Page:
MANKATO — No need to wait for autumn leaves.
“Next Fall” takes place this spring — in fact, it’s happening tonight and through Sunday in the Andreas Theatre at Minnesota State University’s Earley Center for the Performing Arts.
With gay men as its two lead characters, the play explores relationships and exposes tricky family dynamics in a manner universally understood.
“I really like this play,” said Nevaeh Braucks, the show’s production stage manager and a sophomore theater generalist from the St. Cloud area.
“It has a good mix of humor combined with deeper themes of personal loss and being closeted, and the script is very accessible because it’s written in almost a sitcom-esque way.”
With Elton John and his husband, David Furnish, as producers, “Next Fall” premiered on Broadway in 2010. Playwright Geoffrey Nauffts incorporated elements from his own life as a gay atheist man with a loving Christian partner in a pre-gay marriage world, although the bulk of the play is fiction.
“The character of Adam (the elder partner) is autobiographical for Nauffts, while the role of Luke is based on Nauffts’ husband,” said Eric E. Parrish, a Master of Fine Arts directing candidate in his MSU directorial debut.
“There is a turning point when Luke, who isn’t out to his family, is in a car accident,” Parrish said.
“Adam and Luke were together for five years, but Luke’s family knows nothing about Adam. ‘Next Fall’ addresses how we as humans manage to be in a relationship with one another.”
Portraying Adam is MSU senior Nick Finken, a musical theater major from Apple Valley who is a veteran of MSU productions.
“This isn’t the oldest character I’ve had to play, but Adam has been through a lot — and it’s a lot that I haven’t personally experienced,” Finken said.
“But Eric (Parrish) did go through some of these things earlier in his life and he was really helpful in coaching me about the real gravity of the issues, such as being in a gay relationship with one set of parents not knowing about it and how it feels that your partner won’t tell them.”
Parrish clarifies that the period in which “Next Fall” was conceived and premiered preceded societal changes that have since made living somewhat easier for gay couples.
“This was written before gay marriage was legalized,” said Parrish, who is a gay man in a committed relationship.
“While ‘Next Fall’ is still current, certain pieces of history have changed enough that some references in it place it clearly in that pre-gay marriage world.”
COVID-19 protocols presented new challenges to Parrish, his cast of six and crew members.
“The cast is supposed to be expressing intimacy during moments of grief and emotional struggle, and without being able to rely on hugs or shoulder touches, a lot of creativity is required,” Braucks said.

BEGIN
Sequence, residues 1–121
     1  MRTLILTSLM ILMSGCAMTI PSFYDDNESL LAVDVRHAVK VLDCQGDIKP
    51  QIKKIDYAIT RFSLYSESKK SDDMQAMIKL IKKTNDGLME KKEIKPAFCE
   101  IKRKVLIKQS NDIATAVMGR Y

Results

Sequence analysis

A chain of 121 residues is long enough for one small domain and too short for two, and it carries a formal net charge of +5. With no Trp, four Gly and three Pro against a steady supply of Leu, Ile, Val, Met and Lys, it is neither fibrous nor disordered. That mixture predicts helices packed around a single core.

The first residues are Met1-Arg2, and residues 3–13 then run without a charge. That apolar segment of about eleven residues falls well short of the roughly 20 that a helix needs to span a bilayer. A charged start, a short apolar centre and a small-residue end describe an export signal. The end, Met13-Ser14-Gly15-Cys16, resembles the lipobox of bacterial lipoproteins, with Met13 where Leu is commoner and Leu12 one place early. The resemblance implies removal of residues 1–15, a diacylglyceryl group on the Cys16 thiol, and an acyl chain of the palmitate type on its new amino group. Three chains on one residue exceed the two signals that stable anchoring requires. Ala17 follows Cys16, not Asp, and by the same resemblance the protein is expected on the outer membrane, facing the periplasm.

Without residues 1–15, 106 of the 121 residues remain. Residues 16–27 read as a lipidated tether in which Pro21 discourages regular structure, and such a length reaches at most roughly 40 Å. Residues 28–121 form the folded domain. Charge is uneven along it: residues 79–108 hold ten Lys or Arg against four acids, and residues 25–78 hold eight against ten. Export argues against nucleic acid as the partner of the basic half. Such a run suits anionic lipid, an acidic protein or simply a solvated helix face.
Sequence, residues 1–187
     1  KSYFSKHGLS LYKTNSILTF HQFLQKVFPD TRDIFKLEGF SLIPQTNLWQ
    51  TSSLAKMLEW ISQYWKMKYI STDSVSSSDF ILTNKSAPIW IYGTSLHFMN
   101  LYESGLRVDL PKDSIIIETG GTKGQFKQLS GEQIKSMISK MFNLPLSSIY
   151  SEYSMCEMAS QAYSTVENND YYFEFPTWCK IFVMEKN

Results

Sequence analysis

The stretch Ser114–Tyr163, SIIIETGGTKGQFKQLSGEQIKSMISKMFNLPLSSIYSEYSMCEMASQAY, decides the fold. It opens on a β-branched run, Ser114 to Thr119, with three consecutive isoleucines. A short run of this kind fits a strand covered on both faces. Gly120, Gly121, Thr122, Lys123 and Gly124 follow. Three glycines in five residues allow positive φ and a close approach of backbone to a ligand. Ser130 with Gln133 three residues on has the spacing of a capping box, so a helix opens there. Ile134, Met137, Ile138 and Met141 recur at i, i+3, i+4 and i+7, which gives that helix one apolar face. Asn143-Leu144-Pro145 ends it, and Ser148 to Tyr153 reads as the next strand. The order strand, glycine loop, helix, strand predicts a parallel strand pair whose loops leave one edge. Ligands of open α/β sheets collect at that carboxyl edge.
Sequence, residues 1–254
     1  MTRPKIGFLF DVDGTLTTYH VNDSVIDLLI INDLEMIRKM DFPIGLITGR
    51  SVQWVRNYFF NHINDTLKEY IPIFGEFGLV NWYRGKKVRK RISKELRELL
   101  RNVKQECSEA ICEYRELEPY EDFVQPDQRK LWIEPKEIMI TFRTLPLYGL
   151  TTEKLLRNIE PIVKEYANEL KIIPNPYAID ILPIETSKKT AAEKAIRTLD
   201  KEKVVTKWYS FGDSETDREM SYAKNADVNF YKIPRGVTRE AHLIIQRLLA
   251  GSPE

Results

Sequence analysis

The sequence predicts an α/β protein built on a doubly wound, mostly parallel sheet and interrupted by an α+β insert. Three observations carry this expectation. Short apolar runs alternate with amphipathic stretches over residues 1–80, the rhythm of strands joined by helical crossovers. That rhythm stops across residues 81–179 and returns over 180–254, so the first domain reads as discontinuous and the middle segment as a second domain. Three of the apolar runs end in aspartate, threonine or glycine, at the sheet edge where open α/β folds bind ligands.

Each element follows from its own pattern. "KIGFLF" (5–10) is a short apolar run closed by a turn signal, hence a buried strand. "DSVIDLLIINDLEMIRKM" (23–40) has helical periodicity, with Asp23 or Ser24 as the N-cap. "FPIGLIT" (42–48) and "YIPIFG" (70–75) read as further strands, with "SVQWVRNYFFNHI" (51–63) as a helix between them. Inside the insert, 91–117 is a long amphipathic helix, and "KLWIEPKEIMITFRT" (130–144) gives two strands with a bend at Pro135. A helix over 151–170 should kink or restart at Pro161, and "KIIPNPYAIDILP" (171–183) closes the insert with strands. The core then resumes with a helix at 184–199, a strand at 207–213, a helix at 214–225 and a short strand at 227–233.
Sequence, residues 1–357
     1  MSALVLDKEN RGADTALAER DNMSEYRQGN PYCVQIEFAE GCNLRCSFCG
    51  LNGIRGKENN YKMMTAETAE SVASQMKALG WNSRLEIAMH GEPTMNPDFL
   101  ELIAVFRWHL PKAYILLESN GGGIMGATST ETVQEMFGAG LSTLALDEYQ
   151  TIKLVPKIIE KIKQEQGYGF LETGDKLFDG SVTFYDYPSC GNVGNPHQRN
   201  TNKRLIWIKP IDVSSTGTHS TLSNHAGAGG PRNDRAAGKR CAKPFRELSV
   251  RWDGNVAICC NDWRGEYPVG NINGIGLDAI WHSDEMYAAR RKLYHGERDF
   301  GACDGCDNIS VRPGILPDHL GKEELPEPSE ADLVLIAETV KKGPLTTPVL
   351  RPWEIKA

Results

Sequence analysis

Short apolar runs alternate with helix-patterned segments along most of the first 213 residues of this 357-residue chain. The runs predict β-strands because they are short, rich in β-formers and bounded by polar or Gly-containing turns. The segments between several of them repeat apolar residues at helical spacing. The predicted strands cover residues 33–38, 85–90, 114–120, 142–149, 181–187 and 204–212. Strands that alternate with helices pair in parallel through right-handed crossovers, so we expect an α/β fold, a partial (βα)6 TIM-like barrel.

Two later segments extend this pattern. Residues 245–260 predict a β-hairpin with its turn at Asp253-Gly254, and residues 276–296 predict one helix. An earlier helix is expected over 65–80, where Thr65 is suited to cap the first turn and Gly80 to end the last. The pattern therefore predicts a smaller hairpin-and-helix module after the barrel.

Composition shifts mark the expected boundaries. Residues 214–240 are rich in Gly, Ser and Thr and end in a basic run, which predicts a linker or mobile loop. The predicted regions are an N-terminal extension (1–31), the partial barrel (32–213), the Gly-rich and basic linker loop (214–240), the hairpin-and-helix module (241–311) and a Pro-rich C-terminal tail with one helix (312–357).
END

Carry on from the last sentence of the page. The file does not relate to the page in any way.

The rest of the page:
Said Parrish, “How do you tell a love story without touching? It’s been interesting to dig deeper into how I, as a director, help actors convey a sense of intimacy without any physical contact — using only body language and eye contact.
“It’s been fun and frustrating simultaneously. Just last week we found some details that really made it click for everyone, and that was exciting.”
Finken illustrates how he and his fellow actors are getting the job done.
“Instead of holding hands, we place them on a pillow laid between us,” he said.
“And because we’re wearing masks, there’s been a lot of effort to try to bring out all the emotions using only the upper part of our faces.”
Nevertheless, adhering to health and safety protocols didn’t prove the greatest test for Finken.
“The most difficult thing is that the play is naturalistic, so we’re trying to portray these emotions as accurately as possible and not gloss them up for the audience,” he said.
“There are some very raw moments right next to very lighthearted ones, and bringing those emotions out in sequence is very challenging.”
For Parrish, employing his skills and experience as an older student offered opportunities.
“This cast — and all of the set, lighting and sound designers are also students — has made it a rewarding collaboration process,” Parrish said.
“Everyone is represented, in that there are different aspects of gender identity, sexuality, religious and non-religious experiences among the cast and crew. I was adamant about us having conversations about being seen, represented and feeling safe with the topics we were discussing; I really wanted their input and perspective.”
Braucks and Finken say Parrish succeeded.
“Eric has been really nice to work with,” Braucks said. “My ultimate career goal is to be a director, and he does a good job of balancing his pre-planning with input from his acting and creative team.
“I want to follow that example because it’s most conducive to a completed and well-integrated show.”
Said Finken, who has appreciated the variety and quantity of performing opportunities the MSU theater program has offered him over the past four years: “I’ve really enjoyed working with Eric. He’s very personable, and when he gives you a note at the end of rehearsal, he finds the words to describe it so it makes sense to you, and that’s really helpful.”
Despite the COVID-19 safety limitations, Parrish is confident audiences will appreciate “Next Fall” and will relate to its messages no matter their personal backgrounds.
“We have put together a show that I’m very pleased with,” Parrish said.
“Like real life, this play doesn’t resolve a certain way, as much as you might want it to, but instead forces the conversation to continue about the best way to move forward.”
Said Braucks, “This feels like a story about people who just happen to be gay. It’s a fantastic representation of the LGBTQ community, but it’s a story almost anyone can relate to.”